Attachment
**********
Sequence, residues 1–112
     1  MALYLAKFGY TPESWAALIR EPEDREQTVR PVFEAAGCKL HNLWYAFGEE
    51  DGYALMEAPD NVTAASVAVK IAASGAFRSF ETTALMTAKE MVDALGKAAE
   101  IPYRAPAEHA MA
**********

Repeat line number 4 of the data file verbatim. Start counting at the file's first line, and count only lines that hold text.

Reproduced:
   101  IPYRAPAEHA MA